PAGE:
How do you define straight edge, and in what ways do you feel it differs from being sober?

For me, SxE is actually a political stand, as it creates an impact in my close circle or the people I meet for the first time. When people know that I’m edge, usually a conversation starts and makes them question their own habits, which I think we don’t always get to do and it’s a great opportunity to share our experiences.

It’s something more than being sober, goes beyond not consuming substances, it’s part of a subculture, and it connects with values, music, and people all around the world. It’s like being in a club, where you don’t pay a fee, you don’t have a membership, and you just follow 3 basic principles: don’t drink, do drugs or smoke.

How important is music to your relationship with straight edge? 

I think they go hand in hand. SxE was born because of punk, it’s impossible for me to conceive SxE without music. As it is a response to what was and it is established. You can add anything you want to the equation: spirituality, animal rights, activism (which are also important and usually implicit in the movement) but never leave music out of it.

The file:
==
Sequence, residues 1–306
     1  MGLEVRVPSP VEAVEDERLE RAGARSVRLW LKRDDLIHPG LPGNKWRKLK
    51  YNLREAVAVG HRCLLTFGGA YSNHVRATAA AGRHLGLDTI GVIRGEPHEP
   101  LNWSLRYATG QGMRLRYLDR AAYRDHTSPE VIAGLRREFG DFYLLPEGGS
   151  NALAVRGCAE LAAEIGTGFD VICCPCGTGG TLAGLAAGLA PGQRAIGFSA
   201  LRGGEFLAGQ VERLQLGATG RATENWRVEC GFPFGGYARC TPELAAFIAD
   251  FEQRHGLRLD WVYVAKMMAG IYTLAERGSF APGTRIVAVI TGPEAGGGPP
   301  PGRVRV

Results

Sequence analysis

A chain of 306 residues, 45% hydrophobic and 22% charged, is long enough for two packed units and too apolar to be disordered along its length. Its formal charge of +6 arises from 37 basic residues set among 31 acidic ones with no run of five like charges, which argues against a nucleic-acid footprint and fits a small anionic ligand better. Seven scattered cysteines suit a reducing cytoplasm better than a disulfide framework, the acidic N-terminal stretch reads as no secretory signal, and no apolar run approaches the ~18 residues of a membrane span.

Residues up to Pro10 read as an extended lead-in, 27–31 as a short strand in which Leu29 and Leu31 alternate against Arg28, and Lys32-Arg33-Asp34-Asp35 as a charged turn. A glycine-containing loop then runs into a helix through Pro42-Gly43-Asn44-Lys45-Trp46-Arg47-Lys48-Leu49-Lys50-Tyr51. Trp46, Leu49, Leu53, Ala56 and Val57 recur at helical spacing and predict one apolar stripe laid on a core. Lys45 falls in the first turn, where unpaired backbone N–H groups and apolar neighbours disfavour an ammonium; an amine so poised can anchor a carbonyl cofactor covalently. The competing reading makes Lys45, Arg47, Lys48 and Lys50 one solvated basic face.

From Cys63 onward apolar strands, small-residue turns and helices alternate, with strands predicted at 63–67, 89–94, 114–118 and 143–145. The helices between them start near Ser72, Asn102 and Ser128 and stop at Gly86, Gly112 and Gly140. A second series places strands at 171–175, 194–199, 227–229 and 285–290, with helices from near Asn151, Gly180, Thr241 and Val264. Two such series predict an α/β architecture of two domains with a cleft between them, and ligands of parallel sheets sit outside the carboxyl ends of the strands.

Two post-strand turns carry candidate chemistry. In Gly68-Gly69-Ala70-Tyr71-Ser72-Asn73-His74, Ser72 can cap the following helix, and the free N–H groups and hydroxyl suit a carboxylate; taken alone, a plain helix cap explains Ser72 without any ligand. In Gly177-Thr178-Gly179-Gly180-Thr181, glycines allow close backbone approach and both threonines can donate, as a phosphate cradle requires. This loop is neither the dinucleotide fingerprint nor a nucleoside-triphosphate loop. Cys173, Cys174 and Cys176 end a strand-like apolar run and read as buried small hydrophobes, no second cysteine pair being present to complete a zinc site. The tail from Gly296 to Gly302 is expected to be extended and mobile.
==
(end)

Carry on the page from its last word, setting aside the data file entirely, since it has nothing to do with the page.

What’s your straight edge story?

I’ve been edge for 10 years now. I never liked alcohol, the taste of it. Never did drugs, so I felt like an outcast most of the time. Being in the punk scene in my town, this is was kids did, go to gigs, and get high or drunk. I discovered SxE because of a fanzine that a former SxE guy handed to me, I found it really interesting and started listening to the bands and reading more about it.